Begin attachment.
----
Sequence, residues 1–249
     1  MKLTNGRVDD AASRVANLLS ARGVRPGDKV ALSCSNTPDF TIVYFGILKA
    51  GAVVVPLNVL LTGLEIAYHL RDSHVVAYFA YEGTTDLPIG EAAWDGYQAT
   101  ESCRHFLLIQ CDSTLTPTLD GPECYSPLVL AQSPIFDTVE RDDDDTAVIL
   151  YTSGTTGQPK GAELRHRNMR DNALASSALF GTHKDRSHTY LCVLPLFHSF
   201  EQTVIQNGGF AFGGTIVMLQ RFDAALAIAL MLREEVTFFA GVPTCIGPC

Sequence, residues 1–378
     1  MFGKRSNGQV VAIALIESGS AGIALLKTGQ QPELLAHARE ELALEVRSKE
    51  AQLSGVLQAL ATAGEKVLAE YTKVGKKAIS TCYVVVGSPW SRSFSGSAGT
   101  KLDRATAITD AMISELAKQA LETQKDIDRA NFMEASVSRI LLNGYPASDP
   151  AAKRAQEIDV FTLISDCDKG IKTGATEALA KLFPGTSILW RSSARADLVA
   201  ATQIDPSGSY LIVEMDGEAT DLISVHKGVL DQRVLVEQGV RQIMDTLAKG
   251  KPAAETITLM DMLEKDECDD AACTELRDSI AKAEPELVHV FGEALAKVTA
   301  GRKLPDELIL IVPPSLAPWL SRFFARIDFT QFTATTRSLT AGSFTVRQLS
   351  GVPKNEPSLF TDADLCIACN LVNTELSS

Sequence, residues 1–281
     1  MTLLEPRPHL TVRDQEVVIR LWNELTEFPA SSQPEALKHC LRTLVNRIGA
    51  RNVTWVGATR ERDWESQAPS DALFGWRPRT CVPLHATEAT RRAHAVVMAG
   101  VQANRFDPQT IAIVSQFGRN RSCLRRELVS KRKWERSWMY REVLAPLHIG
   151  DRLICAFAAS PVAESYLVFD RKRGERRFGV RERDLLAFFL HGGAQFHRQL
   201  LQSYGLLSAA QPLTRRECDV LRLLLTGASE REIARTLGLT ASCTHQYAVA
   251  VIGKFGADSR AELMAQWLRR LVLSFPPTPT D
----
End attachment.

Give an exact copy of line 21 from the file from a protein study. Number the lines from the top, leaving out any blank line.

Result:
   201  LQSYGLLSAA QPLTRRECDV LRLLLTGASE REIARTLGLT ASCTHQYAVA